How To Photograph Star Trails

photography tutorials Apr 29, 2022
Star Trail Photography

Today, we will focus on Star Trail Photography. Have you ever tried it? If not, follow our tips to capture the incredible effect of Star Trails.

First, let's find out what Star Trails are.

A star trail is a type of astrophotographic technique that uses long exposure times to capture the motion of stars in the sky due to Earth's rotation, using a fixed focal point in the foreground.
A star-trail photo shows individual stars as streaks across the image, with longer exposures yielding longer arcs.
Star trails are considered relatively easy for amateur astrophotographers to create.

Turn on your camera's long exposure noise-reduction setting to create a star trail effect, then focus the camera lens to infinity. Set an exposure time of three to four minutes with an ISO of 600 to 800. Take a test shot, and increase the exposure time if the image you took was too dark or the star trails are not as long as you want them.

Recommended setting for Star Trail Photography:
🌠 Aperture: f/4
🌠 ISO 800
🌠 Shutter Speed: 1/30 sec.


Keeping the shutter open the long periods of time sucks up a lot of battery power, so remember to bring some spare batteries.

As you will be out shooting for prolonged periods, make sure to have a large memory card available, which is both fast and formatted, and have an extra one on you just in case.

A lens with a focal length of 14mm to 24mm is an ideal range for star trails and will incorporate some foreground.

You will also need:
🌠 tripod
🌠 Cable Release
🌠 Torch

Light pollution can kill good star trail photos before you even begin. So, reduce light pollution by driving somewhere away from the bright lights of built-up areas. The darker the sky, the more you can up your exposure.
Online light pollution maps can show you how far you need to drive for the best conditions.
Shoot away from the moon, allowing the stars to shine without excess light. A new moon, when the moon reflects no sunlight, is ideal when you want dark skies.
Be sure to check the weather report before you jump in the car. Cloudless skies are essential to capture good night sky shots, and you don't want to fight against the wind to prevent camera movement.


While you can capture star trail shots anywhere it's dark enough, remember that the positions of the stars shift based on the season. And how they sit in the night sky will vary depending on your latitude. They also differ in the southern or northern hemispheres. Star maps for the location you plan to shoot from will help you set up your shots.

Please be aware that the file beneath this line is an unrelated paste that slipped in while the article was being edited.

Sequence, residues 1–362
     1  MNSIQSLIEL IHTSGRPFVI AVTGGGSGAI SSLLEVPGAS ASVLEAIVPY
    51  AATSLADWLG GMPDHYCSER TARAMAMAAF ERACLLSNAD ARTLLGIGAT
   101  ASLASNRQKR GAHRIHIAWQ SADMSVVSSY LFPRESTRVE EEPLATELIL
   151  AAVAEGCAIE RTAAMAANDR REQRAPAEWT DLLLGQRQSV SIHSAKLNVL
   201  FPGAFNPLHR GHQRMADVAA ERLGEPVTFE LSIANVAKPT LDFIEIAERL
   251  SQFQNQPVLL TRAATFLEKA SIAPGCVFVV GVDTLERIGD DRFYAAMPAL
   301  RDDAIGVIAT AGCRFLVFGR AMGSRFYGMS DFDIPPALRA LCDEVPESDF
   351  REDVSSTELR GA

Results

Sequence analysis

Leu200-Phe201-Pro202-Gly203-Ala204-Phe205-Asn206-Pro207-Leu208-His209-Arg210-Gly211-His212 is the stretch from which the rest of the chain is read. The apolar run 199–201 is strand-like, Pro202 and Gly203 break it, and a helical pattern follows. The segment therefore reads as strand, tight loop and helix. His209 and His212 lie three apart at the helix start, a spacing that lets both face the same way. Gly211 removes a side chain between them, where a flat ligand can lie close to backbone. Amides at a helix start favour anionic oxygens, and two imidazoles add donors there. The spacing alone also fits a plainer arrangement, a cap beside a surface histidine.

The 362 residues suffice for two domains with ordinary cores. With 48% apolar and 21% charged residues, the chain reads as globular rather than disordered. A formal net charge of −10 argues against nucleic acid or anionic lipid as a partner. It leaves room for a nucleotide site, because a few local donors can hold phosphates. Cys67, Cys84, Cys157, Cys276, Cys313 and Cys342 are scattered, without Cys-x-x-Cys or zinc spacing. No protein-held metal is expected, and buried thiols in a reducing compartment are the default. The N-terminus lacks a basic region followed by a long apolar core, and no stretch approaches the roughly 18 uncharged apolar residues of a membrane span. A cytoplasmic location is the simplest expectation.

Do your research beforehand and learn about constellations before you head out, such as the Big Dipper and Orion.


Your star trail patterns will look different depending on where your camera is pointing in the sky. In the Northern Hemisphere, find Polaris (also known as the North Star) to determine the "centre" of your trail. Use the south celestial pole if you're in the Southern Hemisphere. Aiming at these areas will produce circular light lines within your photos while pointing east or west will create straighter star lines.

Leave your camera shutter open for an extended amount of time to capture long exposure images — they can capture minutes' to hours' worth of stars moving across the night sky. We recommend at least 30 minutes, but an hour and a half to two hours is better. The longer, the better!
You'll have to be extra careful of any camera movement with long exposures. You can easily ruin a single shot with a bump to the tripod. And, since more light will hit your camera sensor, you may have to do some long exposure noise reduction in editing.


You can also use short exposure to capture star trails. Create short exposure star trail images with a series of shorter night sky shots, like hundreds of 30-second exposures. Place them on top of each other to make one single image of the stars' movement over the course of all your shots.
But before letting your camera take so many pictures, we recommend taking a test shot or two with manual focus and settings adjustments. You want to make sure your settings are correct first, so you don't end up with many unusable images in post-production.

More tips for Star Trail Photography:

Be patient. The longer the shutter is help down, the greater the rotation of the stars.

Set your camera to continuous drive mode and attach a cable release, enabling you to capture the star trail over time.

A great tip is to practise in your garden beforehand to get to grips with settings while some warm shelter is nearby!

Do your research beforehand and learn about constellations before you head out, such as the Big Dipper and Orion.


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